Communication of environmental benefits

It is important to note that these innovative options will play a role in combating climate change. Plant-based food production emits 90% less carbon than traditional meat raising and processing. Similarly, plant-based food production uses 99% less land than meat.

Bean Willicroft
© Willicroft

On the other hand, FAO predicts that global meat consumption will increase by 70 to 100 percent by 2050. A large-scale switch to alternative proteins would free up the supply of major crops expected to drive down grain prices. This balanced approach will give the sector more credibility and opportunities to collaborate with other stakeholders on climate action.

“A large-scale switch to alternative proteins would free up supply of major crops estimated to reduce grain prices by as much as 12 percent.”

In terms of growth opportunities, meat production is an energy-intensive production process and as technology improves, it will become more efficient to produce farmed meat. Cultured meat is produced by directly cultivating animal cells. Contrary to common misconceptions, farmed meat is real meat produced in a more scientific and sustainable manner. According to a report by independent research firm, CE Delft: If produced using sustainable infrastructure, such as using renewable energy, farmed meat can emit 92% less greenhouse gases and use 95% less land and 78% less water than conventionally. . formula

MeaTech's 3.67 oz Bio-Printed Farmed Steak
MeaTech Stake: Image credit Shlomi Arbiv. Style credit Amit Farber

Alt protein also goes hand in hand with food safety. In light of global political instability and supply chain disruption, this could have a significant and positive impact on the UK food system. The war in Ukraine has highlighted the need for resilient and sustainable food supply chains.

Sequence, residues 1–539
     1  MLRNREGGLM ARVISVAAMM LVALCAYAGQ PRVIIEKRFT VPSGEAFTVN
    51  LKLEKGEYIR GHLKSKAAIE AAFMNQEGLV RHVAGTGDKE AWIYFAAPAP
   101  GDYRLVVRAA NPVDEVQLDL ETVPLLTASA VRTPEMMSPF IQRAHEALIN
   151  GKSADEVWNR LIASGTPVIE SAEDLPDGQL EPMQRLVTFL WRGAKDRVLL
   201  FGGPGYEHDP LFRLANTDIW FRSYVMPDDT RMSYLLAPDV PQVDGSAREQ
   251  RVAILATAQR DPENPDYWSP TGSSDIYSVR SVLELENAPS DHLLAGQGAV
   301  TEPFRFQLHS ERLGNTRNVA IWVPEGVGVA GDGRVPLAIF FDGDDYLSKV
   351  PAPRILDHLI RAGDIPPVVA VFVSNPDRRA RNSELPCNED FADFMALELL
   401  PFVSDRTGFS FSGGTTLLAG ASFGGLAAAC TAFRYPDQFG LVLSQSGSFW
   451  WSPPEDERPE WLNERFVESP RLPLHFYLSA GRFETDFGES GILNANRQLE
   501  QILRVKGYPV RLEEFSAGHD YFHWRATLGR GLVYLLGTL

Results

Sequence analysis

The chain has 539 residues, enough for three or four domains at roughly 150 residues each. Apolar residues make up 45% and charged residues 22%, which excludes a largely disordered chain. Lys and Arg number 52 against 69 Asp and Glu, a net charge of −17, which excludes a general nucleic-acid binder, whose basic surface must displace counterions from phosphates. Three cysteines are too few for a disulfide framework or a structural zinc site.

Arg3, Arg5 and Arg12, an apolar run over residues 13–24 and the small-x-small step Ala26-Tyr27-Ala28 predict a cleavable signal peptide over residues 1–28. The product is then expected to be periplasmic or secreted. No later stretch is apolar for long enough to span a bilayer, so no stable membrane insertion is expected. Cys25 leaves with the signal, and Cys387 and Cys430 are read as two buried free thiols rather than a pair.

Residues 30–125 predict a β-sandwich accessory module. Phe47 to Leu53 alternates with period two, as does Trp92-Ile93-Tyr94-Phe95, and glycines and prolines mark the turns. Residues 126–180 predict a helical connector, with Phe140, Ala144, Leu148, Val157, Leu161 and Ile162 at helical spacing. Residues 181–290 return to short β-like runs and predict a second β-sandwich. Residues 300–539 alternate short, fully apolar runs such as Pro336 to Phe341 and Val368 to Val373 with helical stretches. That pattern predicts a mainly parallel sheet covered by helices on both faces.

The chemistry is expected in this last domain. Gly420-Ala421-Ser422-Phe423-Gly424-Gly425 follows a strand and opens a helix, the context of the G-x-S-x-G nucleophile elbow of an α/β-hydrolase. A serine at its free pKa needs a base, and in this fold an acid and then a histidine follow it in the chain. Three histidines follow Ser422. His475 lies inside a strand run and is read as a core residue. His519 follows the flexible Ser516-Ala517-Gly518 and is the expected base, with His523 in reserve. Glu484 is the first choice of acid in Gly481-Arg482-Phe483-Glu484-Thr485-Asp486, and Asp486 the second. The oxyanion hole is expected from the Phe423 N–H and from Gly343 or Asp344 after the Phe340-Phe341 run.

“Farmed meat production is not dependent on the weather, which means it is protected from adverse climatic events.”

Once farmed meat production is more energy efficient, it offers a highly regulated and environmentally sustainable process of food production. Farmed meat production is also not dependent on the weather, meaning it is protected from adverse climatic events. The unifying goal of farmed meat and alternative proteins is to ensure a more sustainable future for all.

Engage with stakeholders

The UK has been named as a potential world leader in alternative protein regulation and development. However, implementation of Alt protein-specific funding and policy targets will be critical to make this happen.

The UK Government Food Strategy has allocated £120 million to invest alongside UKRI in alternative protein research. By funding and improving the regulatory framework, the government aims to support progress on a wide range of topics, including alternative proteins and gene editing.

It is undeniable that the future of food needs to be more sustainable. With political and technological tailwinds supporting the development of this space within the industry, it is hoped that the agri-food sector will be equipped to deal with geopolitical challenges more efficiently and safely.